- WASHINGTON (Reuters) - In a finding that offers hope to the paralyzed and
others with nerve injuries, a new technique that uses a sticky chemical
and a calcium bath may help severed nerve endings grow back together, scientists
said on Thursday.
- The technique has worked in a range of
animals, from crayfish to guinea pigs, the researchers said. They hope
to test it soon in people.
- "This new approach can almost certainly
be used to rapidly rejoin cut or crushed axons (the part of a nerve cell
through which impulses travel away from the cell body) in humans,"
said George Bittner of the University of Texas at Austin, who led the
- "The technique rejoins the cut or
crushed ends of severed central and peripheral nerve cells so that the
repaired cells again conduct electrical signals through the severed area
within seconds to minutes after they are rejoined," he added.
- Writing in the Journal of Neuroscience,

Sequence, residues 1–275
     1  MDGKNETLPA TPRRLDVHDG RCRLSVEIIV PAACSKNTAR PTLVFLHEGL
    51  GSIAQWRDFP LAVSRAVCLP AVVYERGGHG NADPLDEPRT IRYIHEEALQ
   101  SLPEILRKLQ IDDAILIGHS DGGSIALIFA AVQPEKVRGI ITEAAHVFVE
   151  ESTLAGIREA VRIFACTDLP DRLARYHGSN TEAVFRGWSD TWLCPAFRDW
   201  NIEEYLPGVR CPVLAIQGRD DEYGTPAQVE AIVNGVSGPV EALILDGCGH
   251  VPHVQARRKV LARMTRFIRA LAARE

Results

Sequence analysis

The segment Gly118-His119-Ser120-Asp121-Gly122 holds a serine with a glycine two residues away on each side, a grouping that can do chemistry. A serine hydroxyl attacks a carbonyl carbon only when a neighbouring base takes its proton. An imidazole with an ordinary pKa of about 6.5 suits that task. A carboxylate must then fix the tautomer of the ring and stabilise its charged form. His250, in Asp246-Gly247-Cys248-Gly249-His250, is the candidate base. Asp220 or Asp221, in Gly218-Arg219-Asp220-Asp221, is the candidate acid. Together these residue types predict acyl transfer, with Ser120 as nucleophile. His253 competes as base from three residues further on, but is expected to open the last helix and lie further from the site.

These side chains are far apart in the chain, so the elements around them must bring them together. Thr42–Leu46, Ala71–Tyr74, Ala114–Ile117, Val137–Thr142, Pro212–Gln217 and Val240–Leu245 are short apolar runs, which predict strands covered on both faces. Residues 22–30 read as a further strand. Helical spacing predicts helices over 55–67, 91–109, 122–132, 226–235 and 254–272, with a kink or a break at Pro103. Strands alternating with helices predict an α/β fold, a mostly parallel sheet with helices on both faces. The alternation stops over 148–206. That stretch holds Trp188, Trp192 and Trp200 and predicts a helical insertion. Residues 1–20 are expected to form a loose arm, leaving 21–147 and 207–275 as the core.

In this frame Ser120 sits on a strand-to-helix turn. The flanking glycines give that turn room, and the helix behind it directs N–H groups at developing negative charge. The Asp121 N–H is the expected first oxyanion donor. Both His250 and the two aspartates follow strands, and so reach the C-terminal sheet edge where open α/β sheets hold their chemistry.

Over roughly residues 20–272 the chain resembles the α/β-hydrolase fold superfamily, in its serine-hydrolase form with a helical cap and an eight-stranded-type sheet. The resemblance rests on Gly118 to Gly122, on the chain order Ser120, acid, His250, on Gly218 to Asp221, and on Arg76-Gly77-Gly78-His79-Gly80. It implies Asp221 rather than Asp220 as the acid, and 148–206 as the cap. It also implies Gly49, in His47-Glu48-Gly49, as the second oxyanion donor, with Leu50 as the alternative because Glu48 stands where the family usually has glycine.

Bittner and colleagues said they applied a sticky solution of polyethylene
glycol (PEG) to the cut ends of nerve axons for a minute or two. PEG
often is used in medicine and keeps the severed nerve ends together.
- The researchers washed this solution
off and then soaked the nerve ends in calcium salt solutions that resemble
natural body fluids.
- Within minutes, the nerves were transmitting
signals, they said.
- Scientists previously thought that nerve
cells could not be regrown once they were severed, but many recent experiments
have shown this is not true.
- One experimental compound being used
is GM-1 ganglioside, a normal part of a cell's membrane that helps control
cell growth, development and healing following an injury. Researchers
speculated that the compound can cause nerve endings to regrow when used
as a drug.